Review: Ockham’s Razor in Arc / Memento Mori / Every Action… at Linbury Studio

Performance: 22 January 2007
Reviewed by Lindsey Clarke - Friday 26 January 2007

Part of the London International Mime Festival

Ockham’s Razor believe something magical happens when an audience watches aerial theatre. They may well be right. Their triple bill is riveting and innovative yet stripped down and simple, executed with gentle charm and humanity. My mouth remained open for most of the show. It was spell binding, gravity defying movement and storytelling.

*Arc* explores the relationship between three people set adrift. Set on a metal grid of hollow pipes strapped together like a raft and suspended in the air against a blue backdrop and a watery soundtrack the performers travel through fear, boredom and irritation at their situation to playfulness. Cutting away the corner supports of the grid they’re sent rocking and spinning, laced through the bars, over and over in gleeful abandon. Unfortunately, the piece doesn’t hit the dark notes hinted at in the programme. The drama doesn’t spiral into the deep and nobody’s really going overboard despite the intermittent sulks and fallings out but it’s still a joy to watch.

The duet, Memento Mori, takes place on a wooden frame, like a static trapeze. A pseudo-nude Alex Harvey, representing death, blankly allows a strikingly scarlet frocked Charlotte Mooney to writhe and climb around him, resisting and teasing him. It’s an intimate piece shot through with Mooney’s sensuality, especially at the moment when she submits to Harvey, bringing moments of beautiful peril, hanging from a human trapeze, utterly trusting in her partner’s grip.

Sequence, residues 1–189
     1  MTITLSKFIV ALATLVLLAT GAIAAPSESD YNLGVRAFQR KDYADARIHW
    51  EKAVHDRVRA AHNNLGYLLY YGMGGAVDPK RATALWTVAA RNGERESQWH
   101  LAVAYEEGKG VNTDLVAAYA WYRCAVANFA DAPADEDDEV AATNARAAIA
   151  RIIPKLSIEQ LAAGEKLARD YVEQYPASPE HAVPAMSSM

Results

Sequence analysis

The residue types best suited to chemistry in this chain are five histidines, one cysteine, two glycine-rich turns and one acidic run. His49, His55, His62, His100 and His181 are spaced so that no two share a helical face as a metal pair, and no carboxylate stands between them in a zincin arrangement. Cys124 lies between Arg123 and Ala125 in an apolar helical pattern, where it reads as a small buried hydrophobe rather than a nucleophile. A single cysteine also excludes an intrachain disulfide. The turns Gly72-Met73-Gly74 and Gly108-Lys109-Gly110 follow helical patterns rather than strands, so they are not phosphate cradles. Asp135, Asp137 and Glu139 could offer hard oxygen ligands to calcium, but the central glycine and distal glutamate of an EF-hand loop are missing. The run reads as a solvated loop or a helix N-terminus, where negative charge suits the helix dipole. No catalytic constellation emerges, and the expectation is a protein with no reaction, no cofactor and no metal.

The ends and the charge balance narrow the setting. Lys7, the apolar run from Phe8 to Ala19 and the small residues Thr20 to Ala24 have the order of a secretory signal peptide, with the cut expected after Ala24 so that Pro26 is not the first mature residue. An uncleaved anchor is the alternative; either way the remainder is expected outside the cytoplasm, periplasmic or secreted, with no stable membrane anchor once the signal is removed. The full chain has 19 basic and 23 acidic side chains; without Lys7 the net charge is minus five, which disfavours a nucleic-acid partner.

Every Action… is a playful and charming climax to the triple bill. Four performers play with four different sized boxes and the implications of their respective sizes. A long rope is rigged up centre stage, hanging like a pair of curtains. The premise is simplicity itself; tug on one end of the rope and see what happens at the other end but the company play with this idea ingeniously, acting out their own comic exploration of Newton’s third law. It’s easy to forget how technically talented, strong and daring these performers are since their execution is so natural and fearless but what’s really compelling about this company is that they seem as amazed and delighted at their abilities and adventures as we are.

Ockham’s Razor’s mix of effortless aerialistics, innocent charm and crowd pleasing artistry is genuinely heartening; the majority of the audience watching, enraptured. On the most depressing day of the year the London International Mime Festival audience at the Linbury Studio couldn’t have wished for a better antidote to the January blues.

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